My Own Nature and Nurture
I am who I am because of the what, who, when, how, and where I was born. I am rather tallish and have what used to be brown hair and hazely blue eyes. I have talents in math and music, though my violin playing is a little offensive. Call these things consequences of birth, or an “accident” of birth, if you will, that I was born in the affluence of the United States of America of loving parents and grandparents who provided for my care and inspired me to a good education. I was not born to an addict mother in the midst of poverty, disease, and illiteracy by the side of the road in some third world country. We must recognize that luck, fate, predestination, fortune, or misfortune are words you can apply as you like.
We must recognize that there are those who were not born into a world of dessert every day, or braces for their teeth, or a car when they turned 16, or a college education, or even basic human needs. Most of us here can be thankful that we are not victims, but are in control of our own destinies.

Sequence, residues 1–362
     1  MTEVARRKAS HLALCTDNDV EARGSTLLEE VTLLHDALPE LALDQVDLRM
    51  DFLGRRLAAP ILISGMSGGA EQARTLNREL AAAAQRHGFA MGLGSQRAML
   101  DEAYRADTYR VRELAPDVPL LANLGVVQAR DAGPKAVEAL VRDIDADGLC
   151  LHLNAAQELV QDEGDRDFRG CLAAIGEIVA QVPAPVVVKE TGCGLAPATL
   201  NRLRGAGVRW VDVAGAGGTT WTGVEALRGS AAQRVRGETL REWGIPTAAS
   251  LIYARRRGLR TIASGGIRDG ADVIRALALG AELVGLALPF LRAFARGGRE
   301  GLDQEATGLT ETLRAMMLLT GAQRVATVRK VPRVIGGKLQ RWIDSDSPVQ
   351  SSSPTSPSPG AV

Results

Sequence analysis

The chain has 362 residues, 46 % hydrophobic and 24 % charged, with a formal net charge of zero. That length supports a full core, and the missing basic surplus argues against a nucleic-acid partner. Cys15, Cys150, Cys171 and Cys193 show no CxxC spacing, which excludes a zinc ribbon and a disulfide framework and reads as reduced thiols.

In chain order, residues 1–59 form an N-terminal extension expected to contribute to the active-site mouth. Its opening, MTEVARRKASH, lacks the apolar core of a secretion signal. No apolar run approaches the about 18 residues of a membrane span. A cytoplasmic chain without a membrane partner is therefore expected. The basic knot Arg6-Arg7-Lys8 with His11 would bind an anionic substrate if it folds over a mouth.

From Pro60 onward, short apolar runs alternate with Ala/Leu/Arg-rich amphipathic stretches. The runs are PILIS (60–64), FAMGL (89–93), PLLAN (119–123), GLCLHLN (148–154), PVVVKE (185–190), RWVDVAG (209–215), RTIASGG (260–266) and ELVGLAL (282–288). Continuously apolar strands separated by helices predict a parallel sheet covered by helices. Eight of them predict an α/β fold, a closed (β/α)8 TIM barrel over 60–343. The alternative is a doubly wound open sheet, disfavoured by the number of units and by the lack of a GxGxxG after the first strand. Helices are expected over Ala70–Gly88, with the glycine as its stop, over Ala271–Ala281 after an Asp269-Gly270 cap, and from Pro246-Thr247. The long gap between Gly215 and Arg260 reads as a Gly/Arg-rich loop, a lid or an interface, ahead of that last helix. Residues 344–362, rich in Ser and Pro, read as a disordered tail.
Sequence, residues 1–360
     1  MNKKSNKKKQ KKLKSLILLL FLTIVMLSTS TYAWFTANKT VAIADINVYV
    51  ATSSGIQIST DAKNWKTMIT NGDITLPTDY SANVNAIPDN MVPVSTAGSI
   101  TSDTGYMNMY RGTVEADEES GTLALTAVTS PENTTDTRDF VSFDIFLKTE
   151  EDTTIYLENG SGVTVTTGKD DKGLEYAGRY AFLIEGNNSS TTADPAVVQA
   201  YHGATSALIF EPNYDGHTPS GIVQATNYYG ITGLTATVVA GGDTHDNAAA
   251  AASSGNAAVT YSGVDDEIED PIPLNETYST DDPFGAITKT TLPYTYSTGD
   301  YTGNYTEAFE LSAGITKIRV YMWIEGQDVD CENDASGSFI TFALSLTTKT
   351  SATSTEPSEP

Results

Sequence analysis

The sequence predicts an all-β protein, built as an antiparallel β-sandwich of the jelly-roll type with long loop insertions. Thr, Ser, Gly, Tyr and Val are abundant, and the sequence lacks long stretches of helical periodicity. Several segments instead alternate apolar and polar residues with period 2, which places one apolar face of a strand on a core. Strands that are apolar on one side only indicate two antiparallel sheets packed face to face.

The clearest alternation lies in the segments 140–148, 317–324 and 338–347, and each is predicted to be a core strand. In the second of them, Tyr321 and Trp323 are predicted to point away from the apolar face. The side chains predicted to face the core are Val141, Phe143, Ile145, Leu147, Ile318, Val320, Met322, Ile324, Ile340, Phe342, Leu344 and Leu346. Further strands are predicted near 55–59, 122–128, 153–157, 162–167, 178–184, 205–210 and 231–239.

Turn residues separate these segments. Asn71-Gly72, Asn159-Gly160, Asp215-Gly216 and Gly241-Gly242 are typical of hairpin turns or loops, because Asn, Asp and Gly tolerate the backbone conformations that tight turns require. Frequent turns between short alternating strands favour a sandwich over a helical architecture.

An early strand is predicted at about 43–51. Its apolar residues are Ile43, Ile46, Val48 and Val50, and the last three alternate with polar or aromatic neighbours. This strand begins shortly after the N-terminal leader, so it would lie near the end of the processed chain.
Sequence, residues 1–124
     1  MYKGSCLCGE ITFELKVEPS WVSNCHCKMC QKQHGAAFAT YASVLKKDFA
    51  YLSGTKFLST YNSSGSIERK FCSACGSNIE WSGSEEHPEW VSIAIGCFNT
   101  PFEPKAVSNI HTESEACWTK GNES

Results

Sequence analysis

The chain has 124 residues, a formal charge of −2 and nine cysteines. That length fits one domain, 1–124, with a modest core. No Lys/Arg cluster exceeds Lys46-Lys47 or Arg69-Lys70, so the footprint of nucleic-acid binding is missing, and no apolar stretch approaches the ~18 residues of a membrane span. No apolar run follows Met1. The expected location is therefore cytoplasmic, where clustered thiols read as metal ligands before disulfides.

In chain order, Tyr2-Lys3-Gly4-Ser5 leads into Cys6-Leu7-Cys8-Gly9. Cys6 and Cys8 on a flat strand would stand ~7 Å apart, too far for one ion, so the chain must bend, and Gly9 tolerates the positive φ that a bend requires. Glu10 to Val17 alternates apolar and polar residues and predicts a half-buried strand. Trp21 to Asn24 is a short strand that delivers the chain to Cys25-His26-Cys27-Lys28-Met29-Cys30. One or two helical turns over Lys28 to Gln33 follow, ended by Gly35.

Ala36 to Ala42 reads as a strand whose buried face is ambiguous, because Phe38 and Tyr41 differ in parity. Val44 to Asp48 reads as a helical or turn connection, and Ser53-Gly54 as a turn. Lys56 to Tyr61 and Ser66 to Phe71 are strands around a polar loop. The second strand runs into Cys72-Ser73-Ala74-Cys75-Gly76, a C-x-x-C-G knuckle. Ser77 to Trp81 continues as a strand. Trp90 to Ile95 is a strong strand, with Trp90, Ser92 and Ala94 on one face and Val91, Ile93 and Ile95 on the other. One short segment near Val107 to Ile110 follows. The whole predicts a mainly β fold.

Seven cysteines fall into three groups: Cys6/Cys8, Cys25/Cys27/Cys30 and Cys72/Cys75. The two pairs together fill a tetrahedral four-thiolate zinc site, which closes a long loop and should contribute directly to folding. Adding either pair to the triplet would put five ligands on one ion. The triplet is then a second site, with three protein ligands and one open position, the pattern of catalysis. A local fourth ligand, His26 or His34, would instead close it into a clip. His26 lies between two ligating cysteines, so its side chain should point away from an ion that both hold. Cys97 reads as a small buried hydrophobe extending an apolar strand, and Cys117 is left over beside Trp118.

I figure that all of us in this room are reasonably comfortable with our lives, satisfied with the skin we’re in, and that we wouldn’t want to be anyone else. Maybe you even feel sorry for everybody else because they’re not you.
Alright, here’s what’s important to remember: The difference between you and everybody else are governed by circumstances, by accidents, by coincidences. Who you are is not only based on the DNA you inherited, but is determined by emotions and relationships that flow into the big wide river that is your life. Whether you are tall or not, bald or not, stout, skinny, or many of the other dimensions that define you, you have little control over that. And whether you’re good at math, or a better reader than some, or how your memory works, you started out with those genes that your mother and father mixed for you, and over which you have no control since you cannot choose your parents. So why are you who you are rather than your brother, or your sister, or the man in the third row with the weird suspenders?